Owning Your Inspiration
Diversifying motivators for the work-stretched Global Creative usually means limiting your dependency on adrenaline to get things done. Adrenaline is a wonderful focusing agent and activator for tasks but if you rely too much on adrenaline you may slip into ARC where the negatives of stress and worry outweigh the benefits of sprint-style work. In Coursing a Path to Inspiration, I suggest developing two excellent motivators to complement the fast burst of adrenaline – curiosity and inspiration. So the tools we have are:
• Adrenaline for the tight spots and quick sprints • Curiosity as the bridge between adrenaline and inspiration • Inspiration for the long engagement intentions – Big Rocks
We all know what adrenaline looks and feels like. It is often mistaken for a flow state. It is more of a ‘hunting state’ that our ancestors depended on to bring dinner to the table. Inspiration on the other hand is subtler and more difficult to quantify. Like the distant mountain range in a Frederic Church landscape it is more of a constant presence in the background of our lives. Adrenaline on the other hand resides in the extreme close foreground of our view shed. We all know inspiration when we see it but leading a life where inspiration is a constant can be more of a challenge. Instead of trying to define inspiration or ‘hack’ inspiration I suggest a practice in four areas that will get you closer to understanding what inspiration is for yourself. In this way we leverage curiosity to create a foray into the world of inspiration.
The Four Elements of Inspiration Practice:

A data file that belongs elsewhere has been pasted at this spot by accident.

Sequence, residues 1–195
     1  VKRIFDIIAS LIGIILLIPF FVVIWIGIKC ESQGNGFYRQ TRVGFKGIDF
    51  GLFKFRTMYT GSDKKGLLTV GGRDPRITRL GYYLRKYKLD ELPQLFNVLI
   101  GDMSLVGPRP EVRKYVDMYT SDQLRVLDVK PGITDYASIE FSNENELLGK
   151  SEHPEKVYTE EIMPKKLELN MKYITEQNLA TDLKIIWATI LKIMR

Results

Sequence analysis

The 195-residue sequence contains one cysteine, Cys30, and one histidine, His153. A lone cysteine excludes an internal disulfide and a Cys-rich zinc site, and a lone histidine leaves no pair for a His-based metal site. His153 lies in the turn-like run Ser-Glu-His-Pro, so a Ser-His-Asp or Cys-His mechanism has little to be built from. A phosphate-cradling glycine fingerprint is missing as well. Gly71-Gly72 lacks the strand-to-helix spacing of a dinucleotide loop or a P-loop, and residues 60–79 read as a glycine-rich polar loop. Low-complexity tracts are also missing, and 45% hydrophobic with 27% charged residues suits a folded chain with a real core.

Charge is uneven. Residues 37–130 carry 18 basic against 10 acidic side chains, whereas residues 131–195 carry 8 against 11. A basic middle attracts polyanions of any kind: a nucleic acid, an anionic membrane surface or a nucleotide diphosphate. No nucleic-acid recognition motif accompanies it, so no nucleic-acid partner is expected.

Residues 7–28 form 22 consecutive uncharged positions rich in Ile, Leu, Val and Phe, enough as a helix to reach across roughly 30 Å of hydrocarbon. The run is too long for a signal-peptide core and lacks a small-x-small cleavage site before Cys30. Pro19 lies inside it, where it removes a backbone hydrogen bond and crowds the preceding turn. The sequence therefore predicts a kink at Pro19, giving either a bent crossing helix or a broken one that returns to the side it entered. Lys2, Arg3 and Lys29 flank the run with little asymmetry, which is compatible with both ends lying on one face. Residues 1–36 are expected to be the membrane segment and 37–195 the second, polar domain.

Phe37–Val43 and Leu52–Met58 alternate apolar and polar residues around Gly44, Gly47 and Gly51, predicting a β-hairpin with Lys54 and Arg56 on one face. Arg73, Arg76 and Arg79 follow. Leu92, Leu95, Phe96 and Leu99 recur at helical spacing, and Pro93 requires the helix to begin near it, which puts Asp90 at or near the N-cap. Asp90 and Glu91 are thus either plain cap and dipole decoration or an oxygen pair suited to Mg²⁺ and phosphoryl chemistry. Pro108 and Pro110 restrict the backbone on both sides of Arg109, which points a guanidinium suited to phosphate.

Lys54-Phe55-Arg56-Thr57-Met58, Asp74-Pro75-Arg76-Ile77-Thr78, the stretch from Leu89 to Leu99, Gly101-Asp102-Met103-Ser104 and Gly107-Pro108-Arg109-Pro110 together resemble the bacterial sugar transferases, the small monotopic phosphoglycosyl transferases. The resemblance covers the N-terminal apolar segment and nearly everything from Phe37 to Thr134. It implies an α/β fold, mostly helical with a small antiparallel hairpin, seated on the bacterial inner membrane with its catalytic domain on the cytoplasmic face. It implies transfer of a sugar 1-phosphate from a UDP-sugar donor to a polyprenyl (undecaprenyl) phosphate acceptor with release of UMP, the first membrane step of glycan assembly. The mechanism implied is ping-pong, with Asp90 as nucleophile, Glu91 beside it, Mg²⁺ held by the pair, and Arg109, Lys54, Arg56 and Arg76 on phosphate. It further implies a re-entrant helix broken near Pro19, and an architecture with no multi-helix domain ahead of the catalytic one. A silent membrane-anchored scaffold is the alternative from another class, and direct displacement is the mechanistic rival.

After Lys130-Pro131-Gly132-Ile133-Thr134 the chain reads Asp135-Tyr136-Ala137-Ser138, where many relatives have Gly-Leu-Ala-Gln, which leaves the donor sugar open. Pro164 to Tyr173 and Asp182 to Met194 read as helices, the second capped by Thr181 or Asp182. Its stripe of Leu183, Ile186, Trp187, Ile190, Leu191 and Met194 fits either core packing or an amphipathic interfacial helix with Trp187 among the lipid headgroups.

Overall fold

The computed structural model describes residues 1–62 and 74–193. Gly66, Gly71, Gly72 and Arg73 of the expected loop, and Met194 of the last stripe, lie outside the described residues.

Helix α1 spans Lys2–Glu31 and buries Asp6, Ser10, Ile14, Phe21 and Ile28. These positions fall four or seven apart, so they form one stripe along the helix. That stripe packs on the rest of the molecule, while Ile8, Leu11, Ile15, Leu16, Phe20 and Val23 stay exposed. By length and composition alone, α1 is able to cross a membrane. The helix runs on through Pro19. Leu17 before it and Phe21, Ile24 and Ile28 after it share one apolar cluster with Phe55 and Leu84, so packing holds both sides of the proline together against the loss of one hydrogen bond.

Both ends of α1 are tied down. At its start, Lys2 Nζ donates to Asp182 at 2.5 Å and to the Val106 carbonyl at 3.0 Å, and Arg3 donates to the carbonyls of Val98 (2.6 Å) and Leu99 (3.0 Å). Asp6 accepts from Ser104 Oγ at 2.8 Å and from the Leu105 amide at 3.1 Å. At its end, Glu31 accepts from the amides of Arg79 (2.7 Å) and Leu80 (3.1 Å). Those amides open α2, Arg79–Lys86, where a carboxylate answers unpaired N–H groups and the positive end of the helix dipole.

Refueling in your own sanctuaries
Connecting with positive and supportive relations
Articulating your own vision through your own voice
Practicing your craft to a level of mastery
Notice there are 2 parts to each of these 4 elements – a specific activity or action in a unique environment.
The first truth of practicing the four elements is that there are no short cuts here. Mastering a model like this will take time and effort. I feel I am somewhere in my sophomore stage with this practice. I know just enough to know that it is important to stay with the program! The second truth is that it takes a dose of courage to believe you deserve to have these elements in your life. ADHD fools us into thinking we are always behind and need to rush. ADHD also disrupts our ability to build a strong sense of self - a robust self-esteem. We often place higher value on our latest completion (or failure) and forget who we are since ADHD has us value ‘doing’ over ‘being’. ADHD can make you think “I have no time to refuel!”. It also seems that ADHD can no longer be the sole claimant of this statement. A 'shortage of time' seems to be developing into a ubiquitous American belief.
With ADHD and circular thinking, insidious negative self-talk can suggest that you are not worthy of awesome relationships, that somehow you should just tolerate the rushing, the constant feeling of being behind, the demeaning and toxic people in your life. Forgiveness and acceptance are stations you must visit to live a full life with ADHD and also to live a life based in inspiration. Only when you decide you can have these positive elements in your life will you be successful in practicing them. It's not enough to just 'step over a line' and commit. Let owning your inspiration be a part of a gradual on-boarding process like The 6Cs.
Examples of Each